Roughly 16 years after Burlington Northern, now BNSF Railway, took its two natural gas-powered locomotives off the tracks, railroads are giving the fuel another look.
But North America’s largest railroads, facing less of an impact from volatile and overall rising diesel costs, appear to be moving more cautiously than some truckers. And the industry as a whole is in no rush to spend hundreds of millions of dollars after investing in more fuel-efficient, less-polluting locomotives to meet U.S. emissions rules that took effect last year.
Kitting a locomotive costs 20 to 40 percent of the engine price, an expensive move on top of a locomotive price tag of $1.7 million to $3 million, depending on power, fuel efficiency and emissions output.
“The last time people looked, the engines were less mature and (natural gas) prices were a lot higher,” said Paul Blomerus, senior director of the high horsepower division at Westport Innovations, which partners with vehicle and engine manufacturers to produce natural gas engines. “They thought, ‘Why would I do risky things that don’t have a good payback?’ ”
Now those engines are more efficient and natural gas prices are lower, and even more stringent emissions rules will come in 2015. These factors are likely causing railroads, particularly Canadian National Railway, to rethink prior assumptions about natural gas fuel. Westport and locomotive manufacturer Electro-Motive Diesel are outfitting two CN locomotives with a natural gas-powering system. The duo is using high-pressure, late-injection technology, while Energy Conversions is kitting two other CN locomotives with low-pressure, direct-injection equipment.
Chesapeake Energy, the second-largest natural gas producer in the U.S., also wants in. Chairman and CEO Aubrey McClendon in March said the company partnered with Caterpillar and General Electric to build natural gas locomotives, according to Platts. The Oklahoma City-based company plans to introduce the technology this summer.
Blomerus said fuel savings could help recoup the cost of kitting a diesel locomotive with a natural gas system in two to three years. With locomotives needing an overhaul every six or seven years, the prospect of switching power sources becomes more attractive. Other Class I railroads, including CSX, BNSF and Union Pacific, said they are monitoring natural gas-powered technology but believe diesel-powered locomotives are still the best option. The BN merger with Santa Fe and the fact the equipment had become dated spurred the railroad in the mid-1990s to pull its two natural gas locomotives from a coal route from Montana to northern Minnesota.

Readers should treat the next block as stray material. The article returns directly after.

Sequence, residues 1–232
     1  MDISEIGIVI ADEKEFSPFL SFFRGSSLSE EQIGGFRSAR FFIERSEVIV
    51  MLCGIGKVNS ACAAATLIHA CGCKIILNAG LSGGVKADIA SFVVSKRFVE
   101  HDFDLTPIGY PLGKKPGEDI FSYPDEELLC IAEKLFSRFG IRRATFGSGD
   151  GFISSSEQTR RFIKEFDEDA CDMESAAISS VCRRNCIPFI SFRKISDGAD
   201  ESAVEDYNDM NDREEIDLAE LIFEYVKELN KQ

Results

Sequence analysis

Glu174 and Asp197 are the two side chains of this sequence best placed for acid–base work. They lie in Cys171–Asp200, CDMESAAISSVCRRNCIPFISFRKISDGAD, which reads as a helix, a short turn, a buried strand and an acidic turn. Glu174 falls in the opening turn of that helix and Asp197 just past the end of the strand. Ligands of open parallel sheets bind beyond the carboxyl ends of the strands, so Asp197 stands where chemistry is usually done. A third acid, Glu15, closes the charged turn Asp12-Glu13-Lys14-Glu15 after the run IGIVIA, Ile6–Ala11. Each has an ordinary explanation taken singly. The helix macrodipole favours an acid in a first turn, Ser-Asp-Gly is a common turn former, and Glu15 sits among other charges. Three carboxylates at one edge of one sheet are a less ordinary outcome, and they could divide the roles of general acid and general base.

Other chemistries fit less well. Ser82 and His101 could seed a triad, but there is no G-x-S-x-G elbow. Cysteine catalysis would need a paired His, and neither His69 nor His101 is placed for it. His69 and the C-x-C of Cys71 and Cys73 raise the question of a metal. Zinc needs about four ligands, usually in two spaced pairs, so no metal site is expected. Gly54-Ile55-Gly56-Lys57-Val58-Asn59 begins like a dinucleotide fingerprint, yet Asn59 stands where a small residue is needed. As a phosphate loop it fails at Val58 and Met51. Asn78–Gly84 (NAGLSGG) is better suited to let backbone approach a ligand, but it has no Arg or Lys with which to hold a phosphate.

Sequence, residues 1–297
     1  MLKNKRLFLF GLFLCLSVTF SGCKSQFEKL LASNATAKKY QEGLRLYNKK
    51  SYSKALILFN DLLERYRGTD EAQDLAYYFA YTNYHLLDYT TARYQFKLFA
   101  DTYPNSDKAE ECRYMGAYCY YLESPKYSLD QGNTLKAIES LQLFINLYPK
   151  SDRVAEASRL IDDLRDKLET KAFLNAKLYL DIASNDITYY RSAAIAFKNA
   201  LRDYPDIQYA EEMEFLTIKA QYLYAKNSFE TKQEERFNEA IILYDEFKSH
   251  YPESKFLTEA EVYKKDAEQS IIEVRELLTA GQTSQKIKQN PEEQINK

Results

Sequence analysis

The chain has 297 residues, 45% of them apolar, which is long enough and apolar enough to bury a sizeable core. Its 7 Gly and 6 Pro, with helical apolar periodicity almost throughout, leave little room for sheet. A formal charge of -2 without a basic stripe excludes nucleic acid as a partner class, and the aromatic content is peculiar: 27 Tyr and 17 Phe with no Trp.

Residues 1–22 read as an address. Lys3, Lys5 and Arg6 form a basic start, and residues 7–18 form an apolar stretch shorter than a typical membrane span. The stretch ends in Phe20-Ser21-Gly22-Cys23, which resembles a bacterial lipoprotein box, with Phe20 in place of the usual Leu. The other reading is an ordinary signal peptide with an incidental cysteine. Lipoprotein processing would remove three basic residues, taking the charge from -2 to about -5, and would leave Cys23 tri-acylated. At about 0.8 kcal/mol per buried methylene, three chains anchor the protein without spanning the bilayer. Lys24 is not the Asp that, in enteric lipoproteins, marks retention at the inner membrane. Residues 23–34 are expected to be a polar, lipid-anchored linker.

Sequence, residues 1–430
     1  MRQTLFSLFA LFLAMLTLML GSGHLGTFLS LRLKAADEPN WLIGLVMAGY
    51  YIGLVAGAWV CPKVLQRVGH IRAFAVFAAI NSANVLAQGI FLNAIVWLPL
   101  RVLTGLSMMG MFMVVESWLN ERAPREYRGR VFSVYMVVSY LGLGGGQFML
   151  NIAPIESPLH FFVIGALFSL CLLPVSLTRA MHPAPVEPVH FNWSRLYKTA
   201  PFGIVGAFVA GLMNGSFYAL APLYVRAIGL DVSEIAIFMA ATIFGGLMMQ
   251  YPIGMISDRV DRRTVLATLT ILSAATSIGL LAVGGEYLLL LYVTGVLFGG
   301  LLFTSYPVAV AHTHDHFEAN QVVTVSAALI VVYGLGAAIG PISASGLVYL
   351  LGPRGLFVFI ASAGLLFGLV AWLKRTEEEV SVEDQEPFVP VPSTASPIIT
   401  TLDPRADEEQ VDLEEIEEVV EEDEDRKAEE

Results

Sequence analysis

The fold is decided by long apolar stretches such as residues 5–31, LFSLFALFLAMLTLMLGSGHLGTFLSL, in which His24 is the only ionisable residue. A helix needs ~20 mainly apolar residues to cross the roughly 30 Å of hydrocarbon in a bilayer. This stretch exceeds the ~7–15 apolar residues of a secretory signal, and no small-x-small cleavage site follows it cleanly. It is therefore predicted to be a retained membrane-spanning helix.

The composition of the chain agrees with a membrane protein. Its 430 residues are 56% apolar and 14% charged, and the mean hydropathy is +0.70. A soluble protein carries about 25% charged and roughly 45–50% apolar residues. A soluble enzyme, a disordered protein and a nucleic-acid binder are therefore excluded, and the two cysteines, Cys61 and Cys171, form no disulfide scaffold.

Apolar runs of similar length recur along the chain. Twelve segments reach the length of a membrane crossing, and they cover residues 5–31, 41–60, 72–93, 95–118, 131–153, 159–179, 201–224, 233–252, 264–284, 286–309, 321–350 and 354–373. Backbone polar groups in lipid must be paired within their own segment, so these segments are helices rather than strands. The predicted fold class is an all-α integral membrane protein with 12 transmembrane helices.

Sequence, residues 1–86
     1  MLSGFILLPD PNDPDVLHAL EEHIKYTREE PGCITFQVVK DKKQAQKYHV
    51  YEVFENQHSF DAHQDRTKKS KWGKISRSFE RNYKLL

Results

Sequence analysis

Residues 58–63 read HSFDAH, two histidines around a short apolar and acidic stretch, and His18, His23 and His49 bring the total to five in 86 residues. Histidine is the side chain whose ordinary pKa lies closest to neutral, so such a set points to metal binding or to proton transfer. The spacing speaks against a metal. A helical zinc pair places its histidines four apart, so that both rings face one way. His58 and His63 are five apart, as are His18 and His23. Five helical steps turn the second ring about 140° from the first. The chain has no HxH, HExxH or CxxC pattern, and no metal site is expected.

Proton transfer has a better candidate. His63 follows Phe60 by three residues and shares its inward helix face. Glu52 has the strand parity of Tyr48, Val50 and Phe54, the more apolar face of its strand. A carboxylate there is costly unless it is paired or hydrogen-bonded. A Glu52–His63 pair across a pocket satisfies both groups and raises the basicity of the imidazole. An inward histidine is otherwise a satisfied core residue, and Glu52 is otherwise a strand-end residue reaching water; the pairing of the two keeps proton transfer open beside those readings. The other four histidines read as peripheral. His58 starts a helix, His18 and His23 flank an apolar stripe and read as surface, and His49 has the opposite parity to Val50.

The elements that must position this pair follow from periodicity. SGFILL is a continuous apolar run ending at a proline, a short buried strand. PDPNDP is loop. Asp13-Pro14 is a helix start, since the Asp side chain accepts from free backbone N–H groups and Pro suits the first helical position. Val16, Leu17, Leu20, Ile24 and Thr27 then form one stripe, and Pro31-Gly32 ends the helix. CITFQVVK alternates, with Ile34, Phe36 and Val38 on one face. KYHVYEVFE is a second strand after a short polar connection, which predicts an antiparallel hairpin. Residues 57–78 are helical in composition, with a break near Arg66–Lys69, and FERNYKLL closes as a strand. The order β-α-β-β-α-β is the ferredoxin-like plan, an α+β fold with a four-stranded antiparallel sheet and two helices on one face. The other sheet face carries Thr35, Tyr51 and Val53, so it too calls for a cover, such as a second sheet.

“The railroads don’t want to talk about it,” said Les Olson, who led the BN conversion as the railroad’s director of energy research and development. “Shippers will want natural gas and scream to the (Surface Transportation Board that the railroads) should be providing power for a lot cheaper.”
A much-cited 2007 study by BNSF, UP, the Association of American Railroads and California Environmental Associates throws cold water on the economic feasibility of natural gas-powered locomotives, unless used for switchyard operations. A finding of the reverse likely would have led California regulators to order western railroads to adopt the technology.
Natural gas prices are roughly 60 percent cheaper today than when the study was completed. To produce and distribute a million British thermal units of energy for locomotive use, it cost roughly $9 in natural gas, compared with about $24 in diesel fuel, Olson said.
But there’s more to the equation than fuel cost. A fleet of natural gas locomotives could lose operating efficiencies, and the needed tender cars would add weight to the train, raising operating costs, according to the study.
There is also the matter of setting up a fueling infrastructure. Hypothetically, a shipper or a third party could provide the latter. But that still creates a “chicken or the egg scenario,” in which no one wants to build fueling stations unless there are natural gas locomotives, and vice versa, said Olson, an associate research scientist at the Texas Transportation Institute.
“I think everyone wants to play,” he said, “but few understand the dynamics.”